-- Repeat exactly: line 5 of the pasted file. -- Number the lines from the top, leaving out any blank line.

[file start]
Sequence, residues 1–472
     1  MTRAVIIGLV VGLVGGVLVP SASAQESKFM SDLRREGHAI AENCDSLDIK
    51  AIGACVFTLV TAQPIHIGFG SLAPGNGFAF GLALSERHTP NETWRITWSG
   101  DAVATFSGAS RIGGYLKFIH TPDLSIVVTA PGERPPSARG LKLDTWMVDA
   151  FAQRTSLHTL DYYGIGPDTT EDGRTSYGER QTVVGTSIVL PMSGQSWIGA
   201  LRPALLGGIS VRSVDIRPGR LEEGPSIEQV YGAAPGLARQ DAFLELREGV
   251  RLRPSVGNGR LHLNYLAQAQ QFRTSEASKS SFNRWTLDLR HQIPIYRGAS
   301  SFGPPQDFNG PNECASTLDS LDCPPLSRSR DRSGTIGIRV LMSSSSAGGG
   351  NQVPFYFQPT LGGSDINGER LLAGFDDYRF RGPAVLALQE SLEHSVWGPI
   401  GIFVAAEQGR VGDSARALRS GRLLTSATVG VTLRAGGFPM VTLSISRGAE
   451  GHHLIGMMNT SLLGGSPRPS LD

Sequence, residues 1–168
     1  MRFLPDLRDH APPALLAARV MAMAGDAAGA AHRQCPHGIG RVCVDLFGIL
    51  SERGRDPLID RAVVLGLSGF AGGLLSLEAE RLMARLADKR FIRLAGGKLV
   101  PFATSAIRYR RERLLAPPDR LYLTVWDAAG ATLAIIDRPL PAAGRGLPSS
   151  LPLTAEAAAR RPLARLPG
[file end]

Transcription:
   151  FAQRTSLHTL DYYGIGPDTT EDGRTSYGER QTVVGTSIVL PMSGQSWIGA